Ecumenical and interfaith ideas
"The truth is the centre of all religion," Mary Baker Eddy wrote. Here, you'll find ideas that honor that center, the "circle of faith" of which we're all a part. We hope they are helpful as you listen and contribute to the healing dialogue going on between faiths worldwide.
Christian Science in the Christian Community
By Susan Humble, Ph.D.
News Flash: “World’s Top Religious Leaders Issue Rare Joint Appeal”
Last week, 22 leaders of the world’s religions gathered in Norway to make a joint appeal to people of all faiths “to make friends across religions.” (Carol Kuruvilla reporter for the Huffington Post 6/15/2017). Each leader stressed the vital importance of this new initiative called, “Make Friends.” The list of participants includes the Dalai Lama, Pope Francis, Chief Rabbi Jonathan Sacks, Archbishop Antje Jackelen, and Ven. Khandro Rinpoche. Sikhism, Buddhism, Hinduism, Islam, Judaism, and Christianity were represented in this joint appeal.
Here is a sampling of their statements that I highly recommend you listen to: https://www.youtube.com/watch?v=oRoUlohRiKQ.
The conference was organized by Rabbi Dr. Alon Goshen-Gottstein of the Elijah Institute. He shared that these diverse religious leaders came together as a “testimony of what they have learned, a way of being in this world that does not base itself on competition, hate, or violence, but on friendship, trust, growing, and sharing together for the common welfare of the world.”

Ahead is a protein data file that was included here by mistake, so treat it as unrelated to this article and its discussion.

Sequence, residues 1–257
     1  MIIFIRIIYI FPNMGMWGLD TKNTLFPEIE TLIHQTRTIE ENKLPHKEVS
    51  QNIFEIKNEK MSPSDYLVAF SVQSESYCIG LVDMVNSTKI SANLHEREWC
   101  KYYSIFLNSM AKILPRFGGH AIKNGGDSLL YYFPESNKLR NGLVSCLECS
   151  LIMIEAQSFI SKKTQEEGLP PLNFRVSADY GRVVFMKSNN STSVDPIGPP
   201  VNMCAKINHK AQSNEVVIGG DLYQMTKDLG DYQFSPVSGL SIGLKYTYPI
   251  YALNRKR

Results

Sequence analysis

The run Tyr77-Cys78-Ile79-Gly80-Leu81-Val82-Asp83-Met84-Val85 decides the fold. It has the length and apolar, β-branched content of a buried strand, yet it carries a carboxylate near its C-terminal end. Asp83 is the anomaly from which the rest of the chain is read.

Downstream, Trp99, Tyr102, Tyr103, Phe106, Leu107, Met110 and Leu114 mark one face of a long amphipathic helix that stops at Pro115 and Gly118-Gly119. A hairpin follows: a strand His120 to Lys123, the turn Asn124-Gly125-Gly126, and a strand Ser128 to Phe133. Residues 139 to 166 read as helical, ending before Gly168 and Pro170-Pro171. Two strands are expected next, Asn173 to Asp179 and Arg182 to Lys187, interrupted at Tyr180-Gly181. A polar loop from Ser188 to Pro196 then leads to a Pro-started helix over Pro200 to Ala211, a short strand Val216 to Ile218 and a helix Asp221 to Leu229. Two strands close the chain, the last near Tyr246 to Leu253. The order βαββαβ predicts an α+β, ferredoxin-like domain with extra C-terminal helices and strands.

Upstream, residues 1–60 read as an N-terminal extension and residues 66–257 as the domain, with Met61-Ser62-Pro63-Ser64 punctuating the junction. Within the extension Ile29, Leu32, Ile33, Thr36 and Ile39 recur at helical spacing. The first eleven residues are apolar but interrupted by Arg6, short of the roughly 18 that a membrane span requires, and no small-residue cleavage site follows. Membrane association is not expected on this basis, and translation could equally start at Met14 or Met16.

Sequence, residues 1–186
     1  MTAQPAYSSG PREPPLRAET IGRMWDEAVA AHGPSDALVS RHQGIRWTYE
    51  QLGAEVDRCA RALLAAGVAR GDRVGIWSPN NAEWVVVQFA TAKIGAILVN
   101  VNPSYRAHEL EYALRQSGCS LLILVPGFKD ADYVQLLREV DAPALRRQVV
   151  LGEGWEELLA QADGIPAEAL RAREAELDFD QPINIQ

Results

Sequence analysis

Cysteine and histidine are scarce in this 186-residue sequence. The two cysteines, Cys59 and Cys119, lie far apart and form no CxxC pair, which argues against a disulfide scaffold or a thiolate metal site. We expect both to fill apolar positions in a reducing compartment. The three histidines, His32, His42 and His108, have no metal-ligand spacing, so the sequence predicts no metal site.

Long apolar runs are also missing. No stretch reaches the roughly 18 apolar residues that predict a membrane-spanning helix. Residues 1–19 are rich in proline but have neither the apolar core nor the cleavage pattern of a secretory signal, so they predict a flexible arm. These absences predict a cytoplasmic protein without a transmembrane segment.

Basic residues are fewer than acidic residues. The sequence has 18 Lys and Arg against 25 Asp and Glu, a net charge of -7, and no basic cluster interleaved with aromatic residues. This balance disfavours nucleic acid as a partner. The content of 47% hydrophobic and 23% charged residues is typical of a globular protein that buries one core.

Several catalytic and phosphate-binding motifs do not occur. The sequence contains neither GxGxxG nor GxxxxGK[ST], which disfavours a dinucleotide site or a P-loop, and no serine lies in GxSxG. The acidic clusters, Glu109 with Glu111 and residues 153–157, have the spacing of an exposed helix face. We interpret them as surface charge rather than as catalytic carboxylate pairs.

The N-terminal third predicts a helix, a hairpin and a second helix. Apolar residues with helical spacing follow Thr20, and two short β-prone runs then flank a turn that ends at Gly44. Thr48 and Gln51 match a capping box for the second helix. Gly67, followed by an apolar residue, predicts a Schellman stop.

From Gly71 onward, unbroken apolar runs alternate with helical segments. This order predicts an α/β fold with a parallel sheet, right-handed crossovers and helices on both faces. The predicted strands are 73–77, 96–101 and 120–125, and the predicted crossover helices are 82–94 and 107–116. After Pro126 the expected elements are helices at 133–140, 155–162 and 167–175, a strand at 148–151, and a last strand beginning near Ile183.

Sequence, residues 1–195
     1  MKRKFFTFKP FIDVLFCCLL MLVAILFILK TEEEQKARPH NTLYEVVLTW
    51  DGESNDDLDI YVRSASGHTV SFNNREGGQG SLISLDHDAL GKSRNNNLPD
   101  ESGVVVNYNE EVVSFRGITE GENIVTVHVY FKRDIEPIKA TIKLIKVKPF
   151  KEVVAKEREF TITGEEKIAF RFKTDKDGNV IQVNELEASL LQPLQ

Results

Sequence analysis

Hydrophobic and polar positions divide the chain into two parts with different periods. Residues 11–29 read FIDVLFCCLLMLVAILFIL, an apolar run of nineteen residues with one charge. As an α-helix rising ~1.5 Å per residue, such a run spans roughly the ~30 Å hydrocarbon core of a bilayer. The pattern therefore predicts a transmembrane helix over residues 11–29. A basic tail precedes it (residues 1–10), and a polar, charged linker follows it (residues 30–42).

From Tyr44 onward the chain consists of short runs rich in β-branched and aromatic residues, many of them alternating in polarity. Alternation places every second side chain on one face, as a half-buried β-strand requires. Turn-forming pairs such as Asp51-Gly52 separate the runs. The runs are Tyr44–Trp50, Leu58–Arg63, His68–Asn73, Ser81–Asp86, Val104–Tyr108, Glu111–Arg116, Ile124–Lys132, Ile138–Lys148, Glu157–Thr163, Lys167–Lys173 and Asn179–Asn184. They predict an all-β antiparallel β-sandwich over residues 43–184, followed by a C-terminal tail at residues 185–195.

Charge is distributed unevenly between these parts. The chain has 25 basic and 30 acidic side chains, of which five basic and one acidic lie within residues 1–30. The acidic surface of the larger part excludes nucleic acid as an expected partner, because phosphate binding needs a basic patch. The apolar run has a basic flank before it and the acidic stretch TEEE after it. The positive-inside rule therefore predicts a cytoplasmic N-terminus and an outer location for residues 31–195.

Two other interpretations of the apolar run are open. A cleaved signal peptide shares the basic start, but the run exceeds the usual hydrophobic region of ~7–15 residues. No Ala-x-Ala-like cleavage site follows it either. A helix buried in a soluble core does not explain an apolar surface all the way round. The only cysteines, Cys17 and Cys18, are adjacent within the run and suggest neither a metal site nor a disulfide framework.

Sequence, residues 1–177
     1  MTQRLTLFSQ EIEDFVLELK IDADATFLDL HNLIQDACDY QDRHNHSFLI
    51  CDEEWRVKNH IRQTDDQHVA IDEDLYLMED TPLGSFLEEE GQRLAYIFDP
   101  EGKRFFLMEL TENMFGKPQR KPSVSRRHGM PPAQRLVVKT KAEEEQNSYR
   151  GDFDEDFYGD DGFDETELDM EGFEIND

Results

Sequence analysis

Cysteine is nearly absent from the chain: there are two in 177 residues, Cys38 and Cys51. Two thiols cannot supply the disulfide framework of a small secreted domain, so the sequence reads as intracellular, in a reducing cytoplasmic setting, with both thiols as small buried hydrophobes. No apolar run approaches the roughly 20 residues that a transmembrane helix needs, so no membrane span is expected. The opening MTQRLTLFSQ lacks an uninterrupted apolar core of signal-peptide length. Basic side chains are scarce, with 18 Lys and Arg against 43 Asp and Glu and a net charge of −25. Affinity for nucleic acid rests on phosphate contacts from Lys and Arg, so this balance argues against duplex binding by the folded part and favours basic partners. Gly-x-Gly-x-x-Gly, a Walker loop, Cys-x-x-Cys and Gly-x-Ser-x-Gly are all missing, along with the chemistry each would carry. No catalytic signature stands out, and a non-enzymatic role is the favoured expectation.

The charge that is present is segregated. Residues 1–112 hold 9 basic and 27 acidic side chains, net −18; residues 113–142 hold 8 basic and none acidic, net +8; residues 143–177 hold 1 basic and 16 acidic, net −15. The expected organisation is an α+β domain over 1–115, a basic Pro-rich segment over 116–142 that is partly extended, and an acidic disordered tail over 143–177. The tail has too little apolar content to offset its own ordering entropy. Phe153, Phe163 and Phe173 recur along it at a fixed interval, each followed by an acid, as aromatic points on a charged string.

Why should I care about these religious leaders meeting and encouraging me to create friendships with others? First, they have taken very complex and difficult issues and focused on their key solution--that of creating friendship; in other words, getting to know people (the other). Second, they are sharing the wisdom learned from their experiences as they have been walking their talk.
In listening to their statements, I began to grasp the importance of their coming together and sharing and thinking more deeply about the importance of friendship at this time in our world. For me, it is calling for more than an attitude of tolerance with others, but rather a demand for active engagement in developing friendships. There are certainly many ways to develop friendships, and I found these religious leaders sharing from their experiences very helpful.
How am I going to proceed? Prayer, listening, and being open to new opportunities. I have learned from previous experiences that loving God more and desiring to love and get to know my neighbor brings opportunities for new encounters.
If you are interested in learning more about their meeting and the initiative, they held a press conference that can be viewed by continuing past their statements. At the end of the press conference Rabbi Dr. Alon Goshen-Gottstein mentioned that a toolkit on developing friendships was created. That toolkit can be downloaded at http://elijah-interfaith.org/. I was curious about what he wrote, so I downloaded the document. In reading it I found it includes several practical suggestions on expanding friendships with those of different religions.